Spain gets EU cash to test next gen network, and US 'scrum for 6G' already under way
How much better do mobile networks really have to be by 2030-ish?
Another European project aims to kick start 6G telecoms technology and help define the scope of this future standard, even as 5G has yet to really deliver on its promise.
The ENABLE-6G project is a collaboration between the IMDEA Networks Institute of the Spanish government, Telefónica, NEC, and BluSpecs, a local IT consultancy. It is backed by the European Union's NextGenerationEU pandemic recovery fund and Spain's Ministry of Economic Affairs and Digital Transformation.
Like many of these projects, the aim of ENABLE-6G is to identify and meet the challenges that the participants believe future networks will face, such as demands for increased connectivity and higher performance requirements.
According to Telefónica, one of the chief objectives is to ensure sufficient privacy protections are built into the architecture, because of more precise mapping and sensing capabilities.
Another priority is the design and implementation of software-defined networks capable of handling time-critical services and geographically distributed network orchestration, the company said.
"It's necessary for 6G networks to become more adaptable and intelligent to enable the realization of a future vision that will contend with greater levels of complexity, contextualization, and data traffic while consuming less energy and offering stronger security and privacy measures," Telefónica said of its involvement in the ENABLE-6G project.
In particular, it will be a challenge to reduce the energy footprint per device in order to avoid a large overall increase in network power consumption if many more devices are connected.
Just seven years to go
If all this sounds a bit vague, it's because nobody really has any idea what 6G networks are going to look like at this stage, although they are tentatively penciled in to start appearing in about a 2030 time frame.
The Next Generation Mobile Networks (NGMN) Alliance last year published a provisional list of use cases it had identified, including enhanced human communications such as such as immersive experiences or telepresence; enhanced machine communications to enable robots to communicate with each other; enabling services such as high accuracy location, mapping, or body sensing data; and network evolution, meaning the evolution of core technologies such as energy efficiency and delivering ubiquitous coverage.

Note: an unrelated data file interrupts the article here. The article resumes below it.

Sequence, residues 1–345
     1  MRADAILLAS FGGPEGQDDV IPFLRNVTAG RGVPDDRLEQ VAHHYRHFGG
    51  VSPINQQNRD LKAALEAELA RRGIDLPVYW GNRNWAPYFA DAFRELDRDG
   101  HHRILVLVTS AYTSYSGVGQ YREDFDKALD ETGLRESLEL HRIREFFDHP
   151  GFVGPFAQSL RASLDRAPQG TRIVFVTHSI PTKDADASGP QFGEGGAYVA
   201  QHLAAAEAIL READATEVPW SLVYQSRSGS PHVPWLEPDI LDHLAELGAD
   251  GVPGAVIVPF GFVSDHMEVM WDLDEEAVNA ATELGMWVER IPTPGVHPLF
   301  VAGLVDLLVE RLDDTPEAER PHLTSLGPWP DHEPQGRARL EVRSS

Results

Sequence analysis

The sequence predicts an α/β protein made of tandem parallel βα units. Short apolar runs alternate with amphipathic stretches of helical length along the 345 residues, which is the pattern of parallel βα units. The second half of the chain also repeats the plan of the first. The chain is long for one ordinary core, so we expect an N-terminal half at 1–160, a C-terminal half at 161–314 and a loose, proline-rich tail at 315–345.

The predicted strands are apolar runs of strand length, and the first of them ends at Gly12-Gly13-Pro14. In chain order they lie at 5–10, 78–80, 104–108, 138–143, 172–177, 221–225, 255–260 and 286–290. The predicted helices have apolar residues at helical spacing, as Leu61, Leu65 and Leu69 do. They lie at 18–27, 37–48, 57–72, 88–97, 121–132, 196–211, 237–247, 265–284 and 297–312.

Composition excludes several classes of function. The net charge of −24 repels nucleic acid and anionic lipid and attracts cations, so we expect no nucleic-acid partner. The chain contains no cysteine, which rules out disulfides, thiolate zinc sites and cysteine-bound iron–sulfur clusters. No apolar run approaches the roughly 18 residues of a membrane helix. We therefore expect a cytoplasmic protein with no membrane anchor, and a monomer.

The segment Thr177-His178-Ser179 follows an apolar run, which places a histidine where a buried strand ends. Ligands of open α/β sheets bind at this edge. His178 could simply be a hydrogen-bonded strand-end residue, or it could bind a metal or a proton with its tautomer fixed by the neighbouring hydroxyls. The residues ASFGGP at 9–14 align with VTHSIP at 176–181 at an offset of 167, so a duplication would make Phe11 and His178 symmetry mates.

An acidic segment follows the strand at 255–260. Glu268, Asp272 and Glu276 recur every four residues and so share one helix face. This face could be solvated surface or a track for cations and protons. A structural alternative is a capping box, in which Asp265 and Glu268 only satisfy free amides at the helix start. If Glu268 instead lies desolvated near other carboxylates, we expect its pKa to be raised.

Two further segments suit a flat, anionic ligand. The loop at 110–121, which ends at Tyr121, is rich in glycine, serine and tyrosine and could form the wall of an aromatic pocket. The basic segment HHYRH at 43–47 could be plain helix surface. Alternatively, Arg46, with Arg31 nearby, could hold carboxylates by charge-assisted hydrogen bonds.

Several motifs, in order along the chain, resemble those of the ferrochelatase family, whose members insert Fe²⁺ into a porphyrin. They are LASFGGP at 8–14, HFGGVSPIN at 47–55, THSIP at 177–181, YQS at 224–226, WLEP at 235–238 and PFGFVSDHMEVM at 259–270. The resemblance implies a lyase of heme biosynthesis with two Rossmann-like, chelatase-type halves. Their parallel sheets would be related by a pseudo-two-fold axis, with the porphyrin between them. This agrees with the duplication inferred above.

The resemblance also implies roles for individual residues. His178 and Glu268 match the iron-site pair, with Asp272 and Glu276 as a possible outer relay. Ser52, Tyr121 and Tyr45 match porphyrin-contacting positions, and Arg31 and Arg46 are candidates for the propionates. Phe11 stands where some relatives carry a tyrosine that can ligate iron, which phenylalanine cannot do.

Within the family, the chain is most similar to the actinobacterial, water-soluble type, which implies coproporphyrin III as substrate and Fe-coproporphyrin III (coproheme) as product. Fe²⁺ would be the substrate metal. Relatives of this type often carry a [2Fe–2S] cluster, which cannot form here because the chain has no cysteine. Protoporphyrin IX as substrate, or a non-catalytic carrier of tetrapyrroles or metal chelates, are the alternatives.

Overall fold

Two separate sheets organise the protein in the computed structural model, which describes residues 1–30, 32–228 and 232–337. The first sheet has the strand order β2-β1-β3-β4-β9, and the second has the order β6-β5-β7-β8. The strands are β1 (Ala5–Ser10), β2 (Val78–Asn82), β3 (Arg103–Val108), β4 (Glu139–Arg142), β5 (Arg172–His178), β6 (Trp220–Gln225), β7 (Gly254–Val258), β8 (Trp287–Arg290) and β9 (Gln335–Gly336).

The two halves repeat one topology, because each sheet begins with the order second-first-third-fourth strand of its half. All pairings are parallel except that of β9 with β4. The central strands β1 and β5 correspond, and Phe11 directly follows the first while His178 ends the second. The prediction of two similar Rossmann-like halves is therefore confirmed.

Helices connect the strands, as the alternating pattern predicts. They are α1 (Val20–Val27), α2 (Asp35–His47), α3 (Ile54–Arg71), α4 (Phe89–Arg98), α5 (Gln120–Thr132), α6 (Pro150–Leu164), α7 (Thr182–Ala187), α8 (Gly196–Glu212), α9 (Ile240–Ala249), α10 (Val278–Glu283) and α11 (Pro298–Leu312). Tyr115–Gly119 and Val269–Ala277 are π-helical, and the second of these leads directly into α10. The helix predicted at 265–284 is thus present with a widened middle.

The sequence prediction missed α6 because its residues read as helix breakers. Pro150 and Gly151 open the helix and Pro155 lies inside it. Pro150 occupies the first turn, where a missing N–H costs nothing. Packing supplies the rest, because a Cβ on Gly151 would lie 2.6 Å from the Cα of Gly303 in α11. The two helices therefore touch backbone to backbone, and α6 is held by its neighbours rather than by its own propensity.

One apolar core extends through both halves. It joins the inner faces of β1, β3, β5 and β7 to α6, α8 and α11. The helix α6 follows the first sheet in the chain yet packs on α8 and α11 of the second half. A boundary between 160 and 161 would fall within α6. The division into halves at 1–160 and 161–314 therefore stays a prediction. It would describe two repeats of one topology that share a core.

The UK's newly formed Department for Science, Innovation and Technology (DSIT) also recently announced £100 million ($124 million) of funding for early research into 6G networks, also with the aim of influencing global standards and ensuring that "the UK is at the forefront of both adopting and developing 6G."
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These will be delivered via a series of Future Telecoms Research Hubs, coordinated through UK Research and Innovation (UKRI) and the Engineering and Physical Sciences Research Council (EPSRC) via the Technology Missions Fund (TMF), DSIT said.
Last year, it was disclosed that Nokia is leading 6G-ANNA, a German-funded project intended to drive research and standardization efforts into 6G network technology.
It isn't just Europe that is getting in on the act. In the US, the Federal Communications Commission (FCC) has established a working group focused on 6G.
'Much like in the early days of 5G, the scrum for 6G is already intensifying'
"If you are still thinking it is too early to start planning for 6G, think again. Much like in the early days of 5G, the scrum for 6G is already intensifying," said FCC chair Jessica Rosenworcel, speaking to a recent meeting of the National Science Foundation.
Rosenworcel said the FCC is already "imagining and defining what 6G will be" and working to free up spectrum to "serve as a launching pad" for the technology.
"We have already identified the 7-16 GHz band as prime mid-band airwaves for the 6G era. That is why we have started an inquiry into making 550 megahertz of spectrum in the 12.7-13.25 GHz band available for new commercial mobile use," she said.
Telecoms analyst Kester Mann of CCS Insight told us that all these disparate 6G efforts are an area of concern because of the potential fragmentation of standards.
"The current heightened level of geopolitical tension is fueling worries that the industry will not move forward in unison. This would be a concern, as the telecoms industry has been most successful when it has worked together to leverage the greatest possible benefits of scale," he said.
However, it is still very early days for 6G, with no definition yet for the technology and little understanding as to which problems it intends to solve and much it will cost, Mann said. Commercial networks won't be launched much before the end of the decade, he predicted.
But it is important for the industry to be thinking ahead and planning for the next generation, Mann told us. "In that sense, an initiative such as Enable-6G is valuable to identify opportunities and challenges by harnessing input from across the telecoms and technology sector," he said. ®